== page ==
Downtown, also known as "the business district" or “the Skyscraper District,” represents the commercial and architectural heart of Titan City. It contains numerous offices and public buildings. Built over the course of a century, its soaring spires and spectacular buildings stand as testaments to the city’s enduring strength.

This area has always been the core of the city’s northern peninsula. From the founding of Bradford through the turn of the twentieth century, it contained a crowded, busy assortment of offices, apartments, and retail spaces, as well as government buildings. The fire of 1908 reduced the entire area to charred rubble.

This turned out to be a blessing in disguise. City planners redrew the area’s layout, replacing the tangle of winding, narrow streets with a grid of wider thoroughfares suited to automobiles. Thanks to their foresight, Titan City’s downtown traffic is much easier to navigate than most Northeastern cities’. More importantly, the demand for new construction lured visionary architects and builders from all over the world. Soon, Titan City became one of America’s first skyscraper cities. In the 1920’s and ‘30’s, its Art Deco masterpieces achieved worldwide renown. The “shining spires of Titan” became as symbolic of the city as its burgeoning hero population. Even today, no image of Titan City is more iconic than that of a hero perched on an elaborately molded skyscraper, standing watch over the city.

Building continued in the decades after World War II, adding gleaming glass-and-steel International Style towers to the massed, humanistic Deco architecture of downtown. Like the downtowns of many other American cities, the Skyscraper District experienced some economic malaise beginning in the 1970’s, but it never grew as severe as in some other cities. Today, only the area around Common Street still looks depressed and deserted. On the other hand, the Skyscraper District has seen less of the modern push for urban residential and retail redevelopment; most of this has been restricted to the area around Fitzgerald Square.

Several buildings suffered serious damages in Hurricane Atlas in 1998, and a few even collapsed. Most of them have now been replaced with new construction. The new construction also finally jumpstarted a project that had been discussed since the 1930’s: an attempt to connect skyscrapers with a network of skywalks and platforms, creating a true “vertical city.” Even more surprisingly, airship traffic, gone since before World War II, has recently returned to the area, with aerial visitors ranging from blimps to more unwelcome ones like the Aether Pirates. The last decade and a half has seen a rebirth of business and tourism in downtown.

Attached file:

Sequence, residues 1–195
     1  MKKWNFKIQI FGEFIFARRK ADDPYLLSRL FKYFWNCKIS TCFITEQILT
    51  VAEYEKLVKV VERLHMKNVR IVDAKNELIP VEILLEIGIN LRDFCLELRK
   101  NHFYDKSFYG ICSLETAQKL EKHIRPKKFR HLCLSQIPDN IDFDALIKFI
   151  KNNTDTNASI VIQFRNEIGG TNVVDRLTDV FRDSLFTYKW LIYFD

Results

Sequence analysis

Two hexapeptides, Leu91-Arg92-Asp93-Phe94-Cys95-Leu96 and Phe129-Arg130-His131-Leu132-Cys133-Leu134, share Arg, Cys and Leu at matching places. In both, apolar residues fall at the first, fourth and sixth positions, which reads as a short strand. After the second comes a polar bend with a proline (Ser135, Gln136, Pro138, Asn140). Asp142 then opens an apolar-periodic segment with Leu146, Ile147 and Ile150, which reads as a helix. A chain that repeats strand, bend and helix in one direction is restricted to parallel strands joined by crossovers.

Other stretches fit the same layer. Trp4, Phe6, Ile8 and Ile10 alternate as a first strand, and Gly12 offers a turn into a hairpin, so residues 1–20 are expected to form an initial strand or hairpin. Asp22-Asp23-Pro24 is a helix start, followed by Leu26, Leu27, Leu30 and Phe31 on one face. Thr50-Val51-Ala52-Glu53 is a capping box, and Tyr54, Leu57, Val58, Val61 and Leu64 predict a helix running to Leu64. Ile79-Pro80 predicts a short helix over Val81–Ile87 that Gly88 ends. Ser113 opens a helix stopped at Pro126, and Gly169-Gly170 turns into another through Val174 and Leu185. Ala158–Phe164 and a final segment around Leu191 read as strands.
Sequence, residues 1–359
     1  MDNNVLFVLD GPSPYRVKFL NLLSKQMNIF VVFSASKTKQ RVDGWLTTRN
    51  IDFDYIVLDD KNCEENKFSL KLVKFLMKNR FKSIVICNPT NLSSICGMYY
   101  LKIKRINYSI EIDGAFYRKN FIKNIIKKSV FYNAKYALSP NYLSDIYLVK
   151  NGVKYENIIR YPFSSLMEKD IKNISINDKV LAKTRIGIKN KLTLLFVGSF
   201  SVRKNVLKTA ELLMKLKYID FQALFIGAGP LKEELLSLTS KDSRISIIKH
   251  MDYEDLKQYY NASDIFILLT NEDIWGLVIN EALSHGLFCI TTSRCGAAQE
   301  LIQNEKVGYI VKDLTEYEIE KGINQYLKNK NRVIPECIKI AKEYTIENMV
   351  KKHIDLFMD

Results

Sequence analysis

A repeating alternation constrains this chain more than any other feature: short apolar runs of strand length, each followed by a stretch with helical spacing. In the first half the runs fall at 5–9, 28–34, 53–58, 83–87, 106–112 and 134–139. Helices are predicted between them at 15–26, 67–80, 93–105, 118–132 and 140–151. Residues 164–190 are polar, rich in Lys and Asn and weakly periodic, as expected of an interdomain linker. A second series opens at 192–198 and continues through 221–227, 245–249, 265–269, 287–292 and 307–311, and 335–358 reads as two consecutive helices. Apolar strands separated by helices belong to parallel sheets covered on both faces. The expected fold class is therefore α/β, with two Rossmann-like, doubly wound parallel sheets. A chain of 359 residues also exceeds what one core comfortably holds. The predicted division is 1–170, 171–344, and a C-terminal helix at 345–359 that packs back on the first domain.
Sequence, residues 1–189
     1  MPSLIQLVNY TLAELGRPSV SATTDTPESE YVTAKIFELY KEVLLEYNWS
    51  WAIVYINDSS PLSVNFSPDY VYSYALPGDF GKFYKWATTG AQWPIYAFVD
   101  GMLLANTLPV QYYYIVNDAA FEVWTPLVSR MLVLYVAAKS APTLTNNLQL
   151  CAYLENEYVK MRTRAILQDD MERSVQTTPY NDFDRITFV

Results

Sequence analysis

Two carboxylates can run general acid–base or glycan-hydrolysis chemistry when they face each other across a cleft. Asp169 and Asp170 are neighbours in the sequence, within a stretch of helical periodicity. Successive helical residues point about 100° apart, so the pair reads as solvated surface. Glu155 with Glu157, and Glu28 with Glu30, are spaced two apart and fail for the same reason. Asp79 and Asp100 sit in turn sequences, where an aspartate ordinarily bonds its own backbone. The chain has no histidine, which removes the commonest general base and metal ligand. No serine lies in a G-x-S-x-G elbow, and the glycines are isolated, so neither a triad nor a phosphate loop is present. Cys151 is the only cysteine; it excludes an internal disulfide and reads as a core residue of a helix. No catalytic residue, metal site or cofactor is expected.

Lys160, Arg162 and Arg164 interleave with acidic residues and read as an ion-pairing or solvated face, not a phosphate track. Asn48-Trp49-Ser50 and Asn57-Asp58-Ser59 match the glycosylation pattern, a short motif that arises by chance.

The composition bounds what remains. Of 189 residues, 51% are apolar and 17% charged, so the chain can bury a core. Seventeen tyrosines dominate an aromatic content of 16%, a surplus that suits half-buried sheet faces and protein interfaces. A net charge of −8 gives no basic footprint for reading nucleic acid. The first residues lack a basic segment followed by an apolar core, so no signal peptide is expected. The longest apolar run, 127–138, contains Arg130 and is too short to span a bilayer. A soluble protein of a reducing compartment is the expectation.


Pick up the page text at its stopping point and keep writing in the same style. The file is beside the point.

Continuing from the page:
Downtown is the commercial and architectural heart of Titan City. Packed with skyscrapers, high-rises and public buildings, it’s the place where everyone wants to have their tower, and where everyone wants to have their tower that’s bigger than that guy’s tower. Downtown is busy 24/7, always busy with activity and traffic of all kinds.


  • The famous Titan City Skywalks are a series of bridges and public areas both open and enclosed that link the many towers of the area and allow people to enjoy themselves on the open rooftops in parks, gardens, or open-air restaurants.
  • Along Armistice Street we find the original skyscrapers found in downtown. With average buildings between fifty and seventy stories in height, the “International” style of the roaring 20's still stands out in a city filled with standouts. The reflective glass, mortar, and steel structures are homes to the biggest of the big businesses, including such gems as the Titan City Stock Exchange.
  • Common Street is the least wealthy neighborhood in all of Downtown. Developed in the ‘50’s and ‘60’s, it suffered greatly in the economic downturn of the 1970s, and many of the buildings are now in need of repair, as are the sidewalks. The latest attempt to revive Common Street is a planned mixed-use development that has been under construction for a number of years.
  • The buildings surrounding Fitzgerald Square are eclectic in style and tend to be of a more modest size than the surrounding neighborhoods. Many date back to the first few years after the Great Fire of 1908, and it is even home to several early “skyscrapers”, which are now barely tall enough to call a mid-rise. This neighborhood is a popular tourist destination, featuring the open Fitzgerald Square itself with a statue to the city’s first mayor, Anthony Fitzgerald.
  • The buildings along Fountain Street include some of the best examples of “Art Deco” style fond along the east coast. Ornament and decorative features are common, and the sight of various titans can be found perched on these buildings.